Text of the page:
And the next stepping stone on the way to uber-cheap solid-state drives has been laid. SanDisk says it has begun shipping 128Gb multi-level-cell NAND flash chips fabbed using a 19-nm process. Shipments kicked off last year, and the company says it's "already started to ramp into high volume production."
The chips are made up of a single silicon die with a 170 mm² surface area—that's about 60% of the size of a penny. SanDisk claims the chips are the "smallest . . . currently in production" with that capacity. Three-bit-per-cell technology has been used to maximize data density, as well. (Of course, increasing the number of bits per cell typically decreases their write/erase endurance, a detail SanDisk conveniently omits from its announcement.)
Beside their high data density, these chips are also rather fast. SanDisk quotes write performance of 18MB/s per die. For reference, the 32Gb NAND dies inside Samsung's 830 Series solid-state drives (which are the fastest SATA SSDs we've tested) top out at 133 Mbps, or just shy of 17MB/s. Double the die capacity with ~8% faster performance sounds pretty good to me.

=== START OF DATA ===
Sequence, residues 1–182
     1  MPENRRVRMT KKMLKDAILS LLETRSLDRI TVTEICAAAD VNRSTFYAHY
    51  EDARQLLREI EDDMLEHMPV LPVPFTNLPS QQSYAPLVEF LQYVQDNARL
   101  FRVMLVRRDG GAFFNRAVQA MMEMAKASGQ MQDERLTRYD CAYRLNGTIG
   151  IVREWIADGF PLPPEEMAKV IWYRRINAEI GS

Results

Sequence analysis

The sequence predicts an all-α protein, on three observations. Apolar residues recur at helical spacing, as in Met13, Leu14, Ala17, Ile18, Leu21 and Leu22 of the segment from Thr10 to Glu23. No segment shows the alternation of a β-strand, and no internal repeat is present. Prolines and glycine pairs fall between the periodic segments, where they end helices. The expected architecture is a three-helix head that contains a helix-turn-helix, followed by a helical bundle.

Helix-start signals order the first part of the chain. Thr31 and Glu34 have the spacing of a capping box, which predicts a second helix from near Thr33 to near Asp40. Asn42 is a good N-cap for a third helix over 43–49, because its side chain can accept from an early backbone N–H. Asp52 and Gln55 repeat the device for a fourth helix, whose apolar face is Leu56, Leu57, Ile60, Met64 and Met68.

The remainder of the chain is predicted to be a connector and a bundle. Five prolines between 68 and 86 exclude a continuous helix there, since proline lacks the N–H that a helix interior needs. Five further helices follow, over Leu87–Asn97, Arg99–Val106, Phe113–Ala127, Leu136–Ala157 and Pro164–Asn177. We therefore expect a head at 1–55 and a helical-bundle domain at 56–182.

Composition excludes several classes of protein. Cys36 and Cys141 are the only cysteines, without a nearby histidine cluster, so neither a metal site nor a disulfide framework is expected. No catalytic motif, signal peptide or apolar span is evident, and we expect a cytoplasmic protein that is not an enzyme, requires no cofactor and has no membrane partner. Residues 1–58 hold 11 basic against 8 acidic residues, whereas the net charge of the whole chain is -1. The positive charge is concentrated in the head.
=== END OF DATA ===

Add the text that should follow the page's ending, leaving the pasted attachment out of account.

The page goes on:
|Friday night topic: what are you giving for Christmas?||64|
|Notes from TR's next-gen storage testing||18|
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|RRAM breakthrough could lead to 1Tb chips built on 28-nm tech||16|
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